Two more interesting and very Northern California-sounding albums went nowhere. Then came Steve Perry to replace George Tickner, and the first of the platinum albums, Infinity, a departure from the old spacey sound, doing a Foreigner as many put it. "Trying a different concept," according to Neal. "There's nothing wrong with being commercial. It's just another way of saying you're successful, getting a wider audience.

"There's a brand new audience out there, a totally new generation. A lot of kids who've never heard of Cream or Jimi Hendrix and they don't hear Led Zeppelin anymore, and they want to hear something like that, something out of the same era but new. I don't think what we're doing now is a cop-out. I don't care what they say about you. You know who you are."

Steve Perry, the Californian of Portuguese descent with the Cher hairdo and the killer vocal chords, was in his first rock band at 13, left home for L.A. to be a star at 18 and was in a group called Alien Project, about to be signed to CBS until a member was killed in a car crash. The record company mentioned that another of their groups was looking for a singer.

"I sent them some tapes," says Steve, "and went on the road with them while they were touring with ELP. Neal and I started writing songs straight off. Next thing I know they asked me to join the band and we went straight into the studio and worked on Infinity."

His arrival gave the band a whole new focus, for the first time more vocal than instrumental based. And for this low-profile bunch, his "poncing around the stage" (Jonathan Cain's words, not mine, honest) grabbed them out of anonymity and into radio mass-acceptance.

"We wanted to do something different, says Neal. "We were on the road so many years not really being successful in what we were trying to do, even though we liked it. Finally we realised that we had to make a change so that we could get through to everybody. We wanted to be an international band that all sorts of people could understand. Not just musicians' music - I myself wanted even harder rock," he confesses later, "but I'm happy with the sound right now."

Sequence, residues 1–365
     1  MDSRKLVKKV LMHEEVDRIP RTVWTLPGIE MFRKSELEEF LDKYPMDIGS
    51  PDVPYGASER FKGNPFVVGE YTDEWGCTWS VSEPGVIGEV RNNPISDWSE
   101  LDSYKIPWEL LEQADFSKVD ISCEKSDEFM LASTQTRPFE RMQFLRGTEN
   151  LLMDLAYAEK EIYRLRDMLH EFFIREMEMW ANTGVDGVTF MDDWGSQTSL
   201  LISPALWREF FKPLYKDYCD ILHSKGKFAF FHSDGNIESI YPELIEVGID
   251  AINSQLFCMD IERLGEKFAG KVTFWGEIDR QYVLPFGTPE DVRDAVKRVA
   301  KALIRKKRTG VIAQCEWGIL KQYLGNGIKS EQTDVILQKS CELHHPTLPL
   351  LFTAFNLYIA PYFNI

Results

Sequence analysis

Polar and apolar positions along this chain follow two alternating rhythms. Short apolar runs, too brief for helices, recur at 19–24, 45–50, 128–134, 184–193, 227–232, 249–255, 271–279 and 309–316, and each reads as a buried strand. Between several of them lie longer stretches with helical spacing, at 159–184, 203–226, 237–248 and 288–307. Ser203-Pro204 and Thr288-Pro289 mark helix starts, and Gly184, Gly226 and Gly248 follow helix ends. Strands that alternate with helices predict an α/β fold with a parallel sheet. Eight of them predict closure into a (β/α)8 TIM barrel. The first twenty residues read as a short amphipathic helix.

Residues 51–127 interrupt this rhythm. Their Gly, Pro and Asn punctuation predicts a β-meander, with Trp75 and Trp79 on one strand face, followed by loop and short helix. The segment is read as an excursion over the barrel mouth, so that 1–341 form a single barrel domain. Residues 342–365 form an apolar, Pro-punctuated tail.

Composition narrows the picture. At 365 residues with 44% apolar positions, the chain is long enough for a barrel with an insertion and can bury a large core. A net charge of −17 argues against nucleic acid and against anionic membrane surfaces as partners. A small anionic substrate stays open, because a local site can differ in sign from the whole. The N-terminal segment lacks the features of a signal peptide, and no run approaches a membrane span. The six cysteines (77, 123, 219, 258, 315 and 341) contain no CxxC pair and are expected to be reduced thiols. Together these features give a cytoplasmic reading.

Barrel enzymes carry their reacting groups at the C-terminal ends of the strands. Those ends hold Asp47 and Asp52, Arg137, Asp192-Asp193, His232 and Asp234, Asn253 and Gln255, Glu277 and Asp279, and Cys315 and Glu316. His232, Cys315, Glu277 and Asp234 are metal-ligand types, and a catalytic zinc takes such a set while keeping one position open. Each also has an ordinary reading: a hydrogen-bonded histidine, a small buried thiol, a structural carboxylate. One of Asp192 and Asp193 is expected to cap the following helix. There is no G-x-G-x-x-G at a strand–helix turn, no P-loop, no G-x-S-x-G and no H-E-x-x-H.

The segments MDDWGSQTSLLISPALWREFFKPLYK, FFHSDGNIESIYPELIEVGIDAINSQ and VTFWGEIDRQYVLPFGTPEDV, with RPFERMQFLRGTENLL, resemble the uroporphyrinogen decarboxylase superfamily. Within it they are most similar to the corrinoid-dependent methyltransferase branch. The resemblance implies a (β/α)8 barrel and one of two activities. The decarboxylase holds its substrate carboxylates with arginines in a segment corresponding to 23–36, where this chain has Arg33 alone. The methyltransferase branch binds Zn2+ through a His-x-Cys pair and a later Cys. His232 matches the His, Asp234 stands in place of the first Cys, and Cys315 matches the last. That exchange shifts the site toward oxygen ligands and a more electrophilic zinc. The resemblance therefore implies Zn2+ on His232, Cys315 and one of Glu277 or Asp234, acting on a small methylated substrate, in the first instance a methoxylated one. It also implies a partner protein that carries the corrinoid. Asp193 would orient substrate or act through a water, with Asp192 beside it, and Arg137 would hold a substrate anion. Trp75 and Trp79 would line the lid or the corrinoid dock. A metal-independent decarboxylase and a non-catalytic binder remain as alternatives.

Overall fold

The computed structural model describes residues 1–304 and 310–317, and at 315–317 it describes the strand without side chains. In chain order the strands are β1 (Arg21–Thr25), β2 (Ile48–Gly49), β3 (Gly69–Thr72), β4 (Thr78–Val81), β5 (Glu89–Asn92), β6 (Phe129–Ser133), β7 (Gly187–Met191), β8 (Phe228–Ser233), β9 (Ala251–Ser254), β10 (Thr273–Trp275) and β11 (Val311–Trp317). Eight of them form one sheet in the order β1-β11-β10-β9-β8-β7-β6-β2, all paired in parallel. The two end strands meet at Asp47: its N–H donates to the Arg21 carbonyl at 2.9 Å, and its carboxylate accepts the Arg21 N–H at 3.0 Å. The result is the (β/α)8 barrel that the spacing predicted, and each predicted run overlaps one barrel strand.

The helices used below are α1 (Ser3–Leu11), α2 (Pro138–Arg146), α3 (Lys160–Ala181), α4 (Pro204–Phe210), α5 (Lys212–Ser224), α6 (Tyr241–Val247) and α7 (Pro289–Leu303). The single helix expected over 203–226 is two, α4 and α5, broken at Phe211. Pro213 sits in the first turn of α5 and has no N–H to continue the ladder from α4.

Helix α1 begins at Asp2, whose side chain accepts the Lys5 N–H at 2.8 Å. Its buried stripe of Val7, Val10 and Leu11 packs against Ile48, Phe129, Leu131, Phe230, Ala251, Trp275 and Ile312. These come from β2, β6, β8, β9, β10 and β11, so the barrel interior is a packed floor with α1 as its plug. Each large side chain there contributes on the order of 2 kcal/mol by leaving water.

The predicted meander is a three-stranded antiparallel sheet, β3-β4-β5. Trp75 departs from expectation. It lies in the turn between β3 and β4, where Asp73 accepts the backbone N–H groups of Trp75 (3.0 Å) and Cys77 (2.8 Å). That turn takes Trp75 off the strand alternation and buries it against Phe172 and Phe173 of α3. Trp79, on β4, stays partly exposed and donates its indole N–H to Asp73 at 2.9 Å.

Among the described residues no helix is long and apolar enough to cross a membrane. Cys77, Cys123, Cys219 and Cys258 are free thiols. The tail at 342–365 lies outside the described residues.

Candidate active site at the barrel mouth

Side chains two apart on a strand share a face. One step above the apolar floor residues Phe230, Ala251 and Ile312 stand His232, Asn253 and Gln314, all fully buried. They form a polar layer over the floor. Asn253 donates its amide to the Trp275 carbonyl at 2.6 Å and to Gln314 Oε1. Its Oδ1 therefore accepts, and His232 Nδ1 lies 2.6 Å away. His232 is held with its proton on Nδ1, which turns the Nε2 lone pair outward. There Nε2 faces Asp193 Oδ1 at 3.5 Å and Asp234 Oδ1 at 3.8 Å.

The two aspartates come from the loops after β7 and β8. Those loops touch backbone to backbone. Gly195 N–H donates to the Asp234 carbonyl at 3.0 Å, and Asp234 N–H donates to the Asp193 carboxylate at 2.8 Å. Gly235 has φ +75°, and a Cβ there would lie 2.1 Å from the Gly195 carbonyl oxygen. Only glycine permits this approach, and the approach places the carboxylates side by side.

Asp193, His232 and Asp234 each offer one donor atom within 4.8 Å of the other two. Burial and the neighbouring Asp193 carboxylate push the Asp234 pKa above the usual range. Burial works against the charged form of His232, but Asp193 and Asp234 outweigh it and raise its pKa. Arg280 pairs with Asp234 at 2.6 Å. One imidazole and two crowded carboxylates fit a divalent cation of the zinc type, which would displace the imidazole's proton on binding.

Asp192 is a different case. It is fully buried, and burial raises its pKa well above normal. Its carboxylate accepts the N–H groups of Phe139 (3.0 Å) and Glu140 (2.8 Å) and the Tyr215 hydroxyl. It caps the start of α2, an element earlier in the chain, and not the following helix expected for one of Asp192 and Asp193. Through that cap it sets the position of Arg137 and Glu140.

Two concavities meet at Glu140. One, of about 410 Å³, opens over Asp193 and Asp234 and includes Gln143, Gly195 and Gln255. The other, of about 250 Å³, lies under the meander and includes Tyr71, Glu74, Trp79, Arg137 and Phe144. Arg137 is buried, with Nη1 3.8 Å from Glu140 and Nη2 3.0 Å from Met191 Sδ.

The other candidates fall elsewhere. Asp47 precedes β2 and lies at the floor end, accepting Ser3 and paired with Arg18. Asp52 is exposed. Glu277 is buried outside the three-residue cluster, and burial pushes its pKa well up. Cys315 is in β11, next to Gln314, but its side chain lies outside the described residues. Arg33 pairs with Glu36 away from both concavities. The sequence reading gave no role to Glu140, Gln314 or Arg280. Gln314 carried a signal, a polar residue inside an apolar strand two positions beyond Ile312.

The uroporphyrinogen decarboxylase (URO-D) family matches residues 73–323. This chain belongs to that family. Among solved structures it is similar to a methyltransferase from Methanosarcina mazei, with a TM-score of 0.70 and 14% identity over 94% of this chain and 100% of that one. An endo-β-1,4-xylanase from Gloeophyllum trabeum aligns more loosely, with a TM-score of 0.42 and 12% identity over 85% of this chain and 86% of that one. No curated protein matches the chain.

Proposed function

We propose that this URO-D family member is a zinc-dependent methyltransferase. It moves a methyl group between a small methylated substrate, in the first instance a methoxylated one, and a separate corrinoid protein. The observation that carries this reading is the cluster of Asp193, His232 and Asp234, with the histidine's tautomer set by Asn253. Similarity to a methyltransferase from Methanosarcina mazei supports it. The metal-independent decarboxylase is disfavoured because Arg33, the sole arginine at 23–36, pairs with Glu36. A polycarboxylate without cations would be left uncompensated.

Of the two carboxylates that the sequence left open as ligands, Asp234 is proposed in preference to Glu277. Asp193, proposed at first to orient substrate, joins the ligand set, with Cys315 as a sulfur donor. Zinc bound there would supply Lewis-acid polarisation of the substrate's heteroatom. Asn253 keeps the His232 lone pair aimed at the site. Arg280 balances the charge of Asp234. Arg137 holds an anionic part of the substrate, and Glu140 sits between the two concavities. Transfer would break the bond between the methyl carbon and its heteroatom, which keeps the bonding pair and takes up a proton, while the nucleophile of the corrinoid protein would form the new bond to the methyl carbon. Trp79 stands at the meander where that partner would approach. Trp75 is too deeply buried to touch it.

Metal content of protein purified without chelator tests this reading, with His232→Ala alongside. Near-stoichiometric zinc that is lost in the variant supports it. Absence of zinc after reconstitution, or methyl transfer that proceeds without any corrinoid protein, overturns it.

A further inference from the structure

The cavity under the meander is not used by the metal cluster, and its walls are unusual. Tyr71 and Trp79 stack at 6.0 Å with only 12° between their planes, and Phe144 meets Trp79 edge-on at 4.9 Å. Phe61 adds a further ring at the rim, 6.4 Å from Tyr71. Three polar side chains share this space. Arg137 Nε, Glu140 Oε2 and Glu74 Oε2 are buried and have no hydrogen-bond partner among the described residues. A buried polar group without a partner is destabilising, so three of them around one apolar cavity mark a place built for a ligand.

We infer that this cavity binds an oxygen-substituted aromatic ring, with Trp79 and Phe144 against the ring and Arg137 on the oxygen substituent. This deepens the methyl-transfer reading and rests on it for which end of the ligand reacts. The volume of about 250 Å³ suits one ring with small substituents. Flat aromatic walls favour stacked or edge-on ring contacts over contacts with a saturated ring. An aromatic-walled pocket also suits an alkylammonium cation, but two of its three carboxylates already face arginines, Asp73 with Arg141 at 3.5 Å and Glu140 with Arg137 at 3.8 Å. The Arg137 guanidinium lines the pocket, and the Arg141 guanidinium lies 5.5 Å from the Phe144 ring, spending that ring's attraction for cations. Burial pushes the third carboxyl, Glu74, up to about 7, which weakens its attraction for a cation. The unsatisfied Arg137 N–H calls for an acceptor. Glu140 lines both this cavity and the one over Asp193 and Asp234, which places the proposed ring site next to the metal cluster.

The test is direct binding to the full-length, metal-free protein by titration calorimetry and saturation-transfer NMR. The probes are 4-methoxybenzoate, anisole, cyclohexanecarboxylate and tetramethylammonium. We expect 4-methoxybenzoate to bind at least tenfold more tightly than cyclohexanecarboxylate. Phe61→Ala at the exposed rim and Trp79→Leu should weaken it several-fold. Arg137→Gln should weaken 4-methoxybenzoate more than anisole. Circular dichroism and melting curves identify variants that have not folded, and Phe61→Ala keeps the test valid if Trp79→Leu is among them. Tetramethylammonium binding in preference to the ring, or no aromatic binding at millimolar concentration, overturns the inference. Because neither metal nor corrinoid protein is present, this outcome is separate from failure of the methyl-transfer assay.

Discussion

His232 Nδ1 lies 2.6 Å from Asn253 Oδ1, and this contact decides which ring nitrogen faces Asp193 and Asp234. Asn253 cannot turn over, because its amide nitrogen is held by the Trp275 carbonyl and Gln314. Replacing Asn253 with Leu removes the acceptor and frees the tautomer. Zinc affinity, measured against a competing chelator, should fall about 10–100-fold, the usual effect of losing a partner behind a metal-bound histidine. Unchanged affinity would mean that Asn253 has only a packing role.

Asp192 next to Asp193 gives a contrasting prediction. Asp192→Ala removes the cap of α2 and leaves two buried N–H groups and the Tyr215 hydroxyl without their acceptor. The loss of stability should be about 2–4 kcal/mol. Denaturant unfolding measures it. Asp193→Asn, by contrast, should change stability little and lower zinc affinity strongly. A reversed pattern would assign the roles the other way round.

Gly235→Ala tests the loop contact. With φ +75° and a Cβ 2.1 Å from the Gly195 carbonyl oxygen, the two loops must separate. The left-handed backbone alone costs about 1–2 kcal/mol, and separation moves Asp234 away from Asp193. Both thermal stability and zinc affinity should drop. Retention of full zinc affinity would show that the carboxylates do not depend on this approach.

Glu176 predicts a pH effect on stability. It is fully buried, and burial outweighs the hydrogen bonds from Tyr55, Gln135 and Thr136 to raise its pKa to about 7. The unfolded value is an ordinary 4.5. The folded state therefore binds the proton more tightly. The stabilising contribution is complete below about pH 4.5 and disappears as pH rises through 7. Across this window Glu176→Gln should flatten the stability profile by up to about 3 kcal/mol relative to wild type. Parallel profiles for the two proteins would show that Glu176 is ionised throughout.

Even dedicated musicians like to eat and sign autographs once in a while and Neal was won over.

Aynsley Dunbar wasn't won over. "He was just gritting his teeth and doing it," according to Neal. Because of his background, progressive-jazz-rock, "he couldn't get the concept, he couldn't feel good doing it. He complained constantly. He's better off where he is now." (Jefferson Starship),

His replacement was 25-year-old Steve Smith who got to know them when he was drumming for Montrose, Ronnie's band, that was supporting Journey on a tour at the time.

Several platinums later, co-founder Gregg Rolie upped and left. A bit like having a tooth pulled, according to Valory, "personally through missing him and giving up all that we'd been through together, but musically, as far as the group goes and the career goes, not difficult at all. He was tired of going on the road for years and years; he wanted to do other things like have children and spend more time writing and recording.

"For our end of it, it was fairly smooth in acquiring Jonathan Cain in that he's even more versatile than Gregg and in that he sounds like he's been with us for a while, at least that's the way it seems to me. So it wasn't such a traumatic experience as it could have been."

Cain was nabbed on another tour. At this rate soon-to-break bands will be holding lotteries to get a position as Journey's opening act. When Gregg left. Journey  "didn't have to look to far. It seems," says Valory, "that the people who end up joining the group end up being around the group first. An expression", ah, California!, "of What Was Meant To Be."